Ways by Omar Chowdhury at 4A

There’s a really heart-breaking moment in one of the films by Omar Chowdhury, currently showing at Sydney’s 4A Gallery. The film shows a young child (maybe 7-10 years old), begging, crawling along a busy street in Bangladesh. He obviously has a physical disability of some kind and so his movement is painfully slow and deliberate. As he crawls along, people drop coins in a bucket of money he’s pushing ahead of him.

Then all of a sudden there’s a commotion, and the crowd begins to part, as a large group of men come running towards him. As he makes his way towards the side of the footpath, a woman comes out from nowhere and takes away the bucket of money, putting it to the side for him. I still wonder if she was a kind stranger, or perhaps his mother. As the crowd comes through, our attention becomes focussed on them. He disappears from the film.

At first I couldn’t work out what the crowd coming down the street was all about. After thinking it might have been a protest, I soon realised there was a religious element to it all, as the crowd made their way indoors. I’ve never been to an Islamic religious service, so I don’t know if it was typical of what occurs. I noticed, however, it seemed to have some of the elements and theatricality of Christian Pentecostal services. :)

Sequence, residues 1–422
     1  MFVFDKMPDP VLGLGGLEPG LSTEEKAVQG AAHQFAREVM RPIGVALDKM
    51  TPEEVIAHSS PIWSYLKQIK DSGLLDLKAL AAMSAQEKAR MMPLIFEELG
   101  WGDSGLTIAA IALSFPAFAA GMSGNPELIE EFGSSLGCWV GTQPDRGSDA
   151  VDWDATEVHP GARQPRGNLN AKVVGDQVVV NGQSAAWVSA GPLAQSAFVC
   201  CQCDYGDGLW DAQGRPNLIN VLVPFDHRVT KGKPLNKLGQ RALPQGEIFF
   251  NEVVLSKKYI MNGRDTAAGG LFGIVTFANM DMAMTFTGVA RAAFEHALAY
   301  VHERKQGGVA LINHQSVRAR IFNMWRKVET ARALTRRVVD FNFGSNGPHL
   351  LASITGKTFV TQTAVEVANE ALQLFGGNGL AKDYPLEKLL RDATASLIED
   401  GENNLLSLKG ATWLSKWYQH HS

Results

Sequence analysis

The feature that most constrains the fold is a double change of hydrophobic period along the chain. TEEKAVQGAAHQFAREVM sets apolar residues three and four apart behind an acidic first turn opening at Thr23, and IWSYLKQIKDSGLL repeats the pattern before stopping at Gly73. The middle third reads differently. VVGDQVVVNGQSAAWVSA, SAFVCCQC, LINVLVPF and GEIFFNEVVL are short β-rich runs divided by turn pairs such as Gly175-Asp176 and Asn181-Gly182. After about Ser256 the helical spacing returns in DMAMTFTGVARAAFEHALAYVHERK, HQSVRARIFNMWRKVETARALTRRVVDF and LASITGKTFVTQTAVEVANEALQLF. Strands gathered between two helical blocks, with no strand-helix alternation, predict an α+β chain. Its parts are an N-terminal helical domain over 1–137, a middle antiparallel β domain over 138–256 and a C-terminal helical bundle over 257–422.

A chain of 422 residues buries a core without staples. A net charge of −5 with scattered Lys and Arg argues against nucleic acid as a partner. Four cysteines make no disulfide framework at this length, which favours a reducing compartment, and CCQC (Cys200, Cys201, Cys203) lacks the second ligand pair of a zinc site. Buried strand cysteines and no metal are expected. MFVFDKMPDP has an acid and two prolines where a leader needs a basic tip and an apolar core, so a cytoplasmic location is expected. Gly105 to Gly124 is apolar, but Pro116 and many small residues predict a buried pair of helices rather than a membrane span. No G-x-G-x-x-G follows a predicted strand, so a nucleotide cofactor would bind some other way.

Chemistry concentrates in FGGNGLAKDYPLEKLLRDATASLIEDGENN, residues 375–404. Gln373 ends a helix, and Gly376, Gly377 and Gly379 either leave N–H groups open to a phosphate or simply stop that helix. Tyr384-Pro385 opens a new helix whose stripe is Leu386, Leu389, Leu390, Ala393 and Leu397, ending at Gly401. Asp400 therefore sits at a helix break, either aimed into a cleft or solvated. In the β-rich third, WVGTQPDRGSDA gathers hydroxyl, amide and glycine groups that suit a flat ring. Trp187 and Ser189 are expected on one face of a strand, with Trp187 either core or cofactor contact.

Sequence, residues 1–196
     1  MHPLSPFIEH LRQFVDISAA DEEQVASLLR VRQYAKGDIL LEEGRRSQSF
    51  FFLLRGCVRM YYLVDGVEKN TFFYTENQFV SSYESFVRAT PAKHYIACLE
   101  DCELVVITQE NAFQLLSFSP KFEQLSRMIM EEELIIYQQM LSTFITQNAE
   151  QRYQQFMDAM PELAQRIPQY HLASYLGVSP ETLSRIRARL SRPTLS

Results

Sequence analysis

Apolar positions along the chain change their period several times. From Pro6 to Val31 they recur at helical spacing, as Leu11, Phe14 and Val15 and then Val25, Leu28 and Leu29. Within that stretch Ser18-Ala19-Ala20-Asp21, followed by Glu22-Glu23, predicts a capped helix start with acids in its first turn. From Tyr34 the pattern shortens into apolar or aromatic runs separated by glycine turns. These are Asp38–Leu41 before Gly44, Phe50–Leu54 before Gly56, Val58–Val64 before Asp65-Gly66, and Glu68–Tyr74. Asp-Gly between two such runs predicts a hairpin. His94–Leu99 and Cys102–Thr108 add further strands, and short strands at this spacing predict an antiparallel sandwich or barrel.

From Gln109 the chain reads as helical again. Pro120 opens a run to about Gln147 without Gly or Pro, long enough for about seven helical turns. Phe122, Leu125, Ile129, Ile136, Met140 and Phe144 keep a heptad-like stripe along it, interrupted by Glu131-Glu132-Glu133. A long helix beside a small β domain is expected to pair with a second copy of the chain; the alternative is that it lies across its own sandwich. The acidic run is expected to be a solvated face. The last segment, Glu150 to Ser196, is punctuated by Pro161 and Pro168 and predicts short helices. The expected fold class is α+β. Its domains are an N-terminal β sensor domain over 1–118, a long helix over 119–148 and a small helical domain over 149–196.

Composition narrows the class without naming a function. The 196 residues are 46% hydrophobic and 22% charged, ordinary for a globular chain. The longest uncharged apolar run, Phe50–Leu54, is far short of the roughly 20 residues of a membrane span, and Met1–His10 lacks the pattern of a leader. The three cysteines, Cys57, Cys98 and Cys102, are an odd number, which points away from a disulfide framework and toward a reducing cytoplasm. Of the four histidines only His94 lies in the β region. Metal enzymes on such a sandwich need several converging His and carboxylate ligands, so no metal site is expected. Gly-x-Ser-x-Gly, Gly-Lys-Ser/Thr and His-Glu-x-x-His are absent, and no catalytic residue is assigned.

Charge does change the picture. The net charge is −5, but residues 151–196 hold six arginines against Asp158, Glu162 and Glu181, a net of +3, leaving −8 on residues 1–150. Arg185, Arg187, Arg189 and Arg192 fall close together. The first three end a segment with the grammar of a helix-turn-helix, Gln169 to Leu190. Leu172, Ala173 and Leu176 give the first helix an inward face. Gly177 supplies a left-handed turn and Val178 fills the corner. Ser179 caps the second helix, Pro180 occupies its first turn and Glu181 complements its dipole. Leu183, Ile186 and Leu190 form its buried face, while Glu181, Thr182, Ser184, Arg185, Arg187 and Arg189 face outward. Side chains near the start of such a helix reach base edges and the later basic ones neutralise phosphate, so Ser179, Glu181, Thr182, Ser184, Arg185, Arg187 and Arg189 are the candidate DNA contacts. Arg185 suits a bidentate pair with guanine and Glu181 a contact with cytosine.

I was the only one at the exhibition when I visited today, and so it was really great to have the time and space to sit in the dark and to really take in this and other films. Other films by Chowdhury were more “day to day”: there’s a woman plucking some of the hairs from her forehead, there’s a couple of boys fooling around on a bike/cart. Cinematically, the films were visually really impressive, but they also had the informality of a home video. The shot in the religious service was wonderful, because the proximity of the camera allowed you to feel simultaneously both a participant and an observer.

I spent an hour or so looking at the works today, but I’m sure to go back and spend a few more hours there, as there’s lots more to see and absorb. The exhibition closes on August 2.


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